Biological barriers to the nasal delivery of peptide drugs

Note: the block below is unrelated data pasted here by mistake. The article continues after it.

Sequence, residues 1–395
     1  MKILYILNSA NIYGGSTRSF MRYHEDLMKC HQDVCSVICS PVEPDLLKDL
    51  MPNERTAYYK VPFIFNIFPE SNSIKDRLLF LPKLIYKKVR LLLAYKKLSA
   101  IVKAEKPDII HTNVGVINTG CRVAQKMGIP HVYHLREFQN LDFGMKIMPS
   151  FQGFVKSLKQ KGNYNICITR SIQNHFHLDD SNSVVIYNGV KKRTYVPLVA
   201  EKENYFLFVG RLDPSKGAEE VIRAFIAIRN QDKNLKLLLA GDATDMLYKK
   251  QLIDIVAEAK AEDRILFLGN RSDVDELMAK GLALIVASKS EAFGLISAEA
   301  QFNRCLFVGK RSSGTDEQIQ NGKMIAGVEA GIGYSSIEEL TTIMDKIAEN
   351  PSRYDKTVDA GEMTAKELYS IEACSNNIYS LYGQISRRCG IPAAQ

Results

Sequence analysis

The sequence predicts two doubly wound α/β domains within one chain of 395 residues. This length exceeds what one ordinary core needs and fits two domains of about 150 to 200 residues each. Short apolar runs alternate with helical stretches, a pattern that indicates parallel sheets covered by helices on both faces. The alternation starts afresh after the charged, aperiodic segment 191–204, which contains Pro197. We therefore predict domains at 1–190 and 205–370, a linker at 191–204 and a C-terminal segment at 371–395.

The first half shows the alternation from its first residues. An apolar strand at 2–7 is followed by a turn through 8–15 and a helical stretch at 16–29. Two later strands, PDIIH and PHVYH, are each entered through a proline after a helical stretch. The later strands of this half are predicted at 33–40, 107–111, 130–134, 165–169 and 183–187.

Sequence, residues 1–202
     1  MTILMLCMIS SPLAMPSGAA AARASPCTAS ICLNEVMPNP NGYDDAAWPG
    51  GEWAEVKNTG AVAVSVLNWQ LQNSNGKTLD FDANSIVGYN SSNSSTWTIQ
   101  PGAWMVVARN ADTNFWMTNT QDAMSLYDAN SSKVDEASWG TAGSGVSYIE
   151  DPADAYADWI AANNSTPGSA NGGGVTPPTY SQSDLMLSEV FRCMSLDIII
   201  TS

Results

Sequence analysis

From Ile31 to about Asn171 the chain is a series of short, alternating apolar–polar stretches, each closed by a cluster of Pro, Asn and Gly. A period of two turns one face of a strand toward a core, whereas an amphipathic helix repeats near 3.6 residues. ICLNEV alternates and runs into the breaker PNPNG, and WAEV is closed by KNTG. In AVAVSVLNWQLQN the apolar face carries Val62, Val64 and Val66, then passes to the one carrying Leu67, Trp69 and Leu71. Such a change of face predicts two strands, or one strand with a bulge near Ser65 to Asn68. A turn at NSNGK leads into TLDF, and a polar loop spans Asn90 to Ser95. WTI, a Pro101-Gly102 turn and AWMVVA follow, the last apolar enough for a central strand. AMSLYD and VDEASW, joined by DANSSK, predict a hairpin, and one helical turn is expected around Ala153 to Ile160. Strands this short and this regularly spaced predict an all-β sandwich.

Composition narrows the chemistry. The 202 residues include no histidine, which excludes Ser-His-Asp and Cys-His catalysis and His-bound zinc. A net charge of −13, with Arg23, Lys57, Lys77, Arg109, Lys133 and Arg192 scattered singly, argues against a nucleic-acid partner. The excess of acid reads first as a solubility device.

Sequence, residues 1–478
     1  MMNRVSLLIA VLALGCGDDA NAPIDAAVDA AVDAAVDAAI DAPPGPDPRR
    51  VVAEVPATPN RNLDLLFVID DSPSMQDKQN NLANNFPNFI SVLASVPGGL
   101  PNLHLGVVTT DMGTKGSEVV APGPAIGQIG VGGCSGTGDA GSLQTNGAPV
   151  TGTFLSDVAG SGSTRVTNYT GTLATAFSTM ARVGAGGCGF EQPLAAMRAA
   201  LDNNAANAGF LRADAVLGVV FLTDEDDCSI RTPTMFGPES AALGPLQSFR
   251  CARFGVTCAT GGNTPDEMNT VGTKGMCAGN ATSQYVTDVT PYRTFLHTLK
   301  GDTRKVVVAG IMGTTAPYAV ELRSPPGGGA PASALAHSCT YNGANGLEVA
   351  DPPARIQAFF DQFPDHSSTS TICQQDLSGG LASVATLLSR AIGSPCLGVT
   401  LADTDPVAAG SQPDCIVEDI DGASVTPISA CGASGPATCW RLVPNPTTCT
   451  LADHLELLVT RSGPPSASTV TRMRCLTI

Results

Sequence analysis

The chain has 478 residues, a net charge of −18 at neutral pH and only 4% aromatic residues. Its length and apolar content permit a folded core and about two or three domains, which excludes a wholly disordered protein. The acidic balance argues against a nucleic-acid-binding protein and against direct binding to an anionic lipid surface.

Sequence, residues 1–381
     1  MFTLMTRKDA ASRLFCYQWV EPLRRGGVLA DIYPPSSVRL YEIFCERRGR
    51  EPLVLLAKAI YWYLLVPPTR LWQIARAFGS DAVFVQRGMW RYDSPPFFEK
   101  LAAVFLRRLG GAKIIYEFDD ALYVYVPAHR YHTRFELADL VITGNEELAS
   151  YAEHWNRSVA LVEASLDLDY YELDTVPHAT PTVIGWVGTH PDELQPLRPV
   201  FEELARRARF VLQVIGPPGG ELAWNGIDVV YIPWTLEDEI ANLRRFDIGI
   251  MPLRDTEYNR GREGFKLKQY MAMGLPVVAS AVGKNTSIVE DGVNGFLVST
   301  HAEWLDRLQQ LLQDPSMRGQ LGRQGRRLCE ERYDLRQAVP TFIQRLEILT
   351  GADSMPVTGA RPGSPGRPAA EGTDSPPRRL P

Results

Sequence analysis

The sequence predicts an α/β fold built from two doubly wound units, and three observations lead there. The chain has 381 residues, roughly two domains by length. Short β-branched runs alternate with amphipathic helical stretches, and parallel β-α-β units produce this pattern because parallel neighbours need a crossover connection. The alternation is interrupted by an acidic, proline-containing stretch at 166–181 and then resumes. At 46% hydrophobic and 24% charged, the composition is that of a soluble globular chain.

The nasal absorption of larger peptide and protein drugs is generally low. The importance of the mucus layer and enzymic degradation in reducing absorption were investigated. Reversed-phase high-performance liquid chromatographic (HPLC) methods were developed to assay a variety of compounds. Pig gastric mucus (PGM) was selected to investigate the importance of the mucus layer. A method of treating and storing PGM was developed and evaluated which was representative of the gel in vivo. The nature of the mucus barrier was evaluated in vitro with three-compartment diffusion cells and a series of compounds with differing physicochemical properties. Mucus retarded the diffusion of all the compounds with molecular weight and charge exerting a marked effect. Binding to mucus was investigated by a centrifugation method. All of the compounds tested were found to bind to mucus with the exception of the negatively charged molecule benzoic acid. The small peptides did not demonstrate greater binding to mucus than any of the other compounds evaluated. The effect of some absorption enhancers upon the rate of diffusion of tryptophan through mucus was determined in vi tro. At the concentrations employed the enhancers EDTA, N-acetylcysteine and taurodeoxycholic acid exerted no effect, whilst taurocholic acid and cholic acid, were found to slightly reduce the rate of diffusion. The intracellular and luminal proteolytic activity of the nose was investigated in the sheep animal model with a nasal mucosal homogenate and a nasal wash preparation respectively and a series of chemically similar peptides. Hydrolysis was also investigated with the proteolytic enzymes carboxypeptidase A, cytosolic leucine aminopeptidase and microsomal leucine aminopeptidase. Sheep nasal mucosa possesses significant peptide hydrolase activity capable of degrading all the substrates tested. Considerable variation in susceptibility was observed. Degradation occurred excl us i ve ly at the pept ide bond between the aromatic amino ac id and glycine, indicating some specificity for aromatic amino acids. Hydrolysis profiles indicated the presence of both aminopeptidase and carboxypeptidase enzymes. The specific activity of the microsomal fraction was found to be greater than the cytosolic fraction. Hydrolysis in the nasal wash indicated the presence of either luminal or loosely-bound proteases, which can degrade peptide substrates. The same specificity for aromatic amino acids was observed and aminopeptidase activity demonstrated. The specific activity of the nasal wash was smaller than that of the homogenate.